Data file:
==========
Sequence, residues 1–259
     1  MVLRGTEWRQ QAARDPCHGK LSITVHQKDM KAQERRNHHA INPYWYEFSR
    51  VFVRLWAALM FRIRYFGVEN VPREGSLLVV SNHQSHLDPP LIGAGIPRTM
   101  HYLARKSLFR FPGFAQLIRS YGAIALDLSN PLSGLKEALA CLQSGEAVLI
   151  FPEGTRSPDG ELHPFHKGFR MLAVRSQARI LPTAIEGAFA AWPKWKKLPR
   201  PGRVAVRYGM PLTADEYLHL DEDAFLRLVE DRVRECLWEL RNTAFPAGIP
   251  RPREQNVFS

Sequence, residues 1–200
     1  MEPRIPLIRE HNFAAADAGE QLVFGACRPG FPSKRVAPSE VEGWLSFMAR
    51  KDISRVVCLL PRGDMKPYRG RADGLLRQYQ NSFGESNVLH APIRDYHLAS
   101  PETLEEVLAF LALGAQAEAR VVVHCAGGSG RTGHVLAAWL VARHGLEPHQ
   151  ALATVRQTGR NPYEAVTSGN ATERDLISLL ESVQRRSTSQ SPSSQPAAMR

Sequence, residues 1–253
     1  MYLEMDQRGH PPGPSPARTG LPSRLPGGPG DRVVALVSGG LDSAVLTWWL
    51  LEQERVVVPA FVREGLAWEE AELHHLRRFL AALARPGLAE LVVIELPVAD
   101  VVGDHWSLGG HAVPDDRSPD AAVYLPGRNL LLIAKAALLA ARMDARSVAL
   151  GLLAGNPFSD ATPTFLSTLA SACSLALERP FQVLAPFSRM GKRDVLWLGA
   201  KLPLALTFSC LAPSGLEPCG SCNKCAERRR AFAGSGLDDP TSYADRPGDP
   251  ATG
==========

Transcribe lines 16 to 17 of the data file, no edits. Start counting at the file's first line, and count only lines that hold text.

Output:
   101  VVGDHWSLGG HAVPDDRSPD AAVYLPGRNL LLIAKAALLA ARMDARSVAL
   151  GLLAGNPFSD ATPTFLSTLA SACSLALERP FQVLAPFSRM GKRDVLWLGA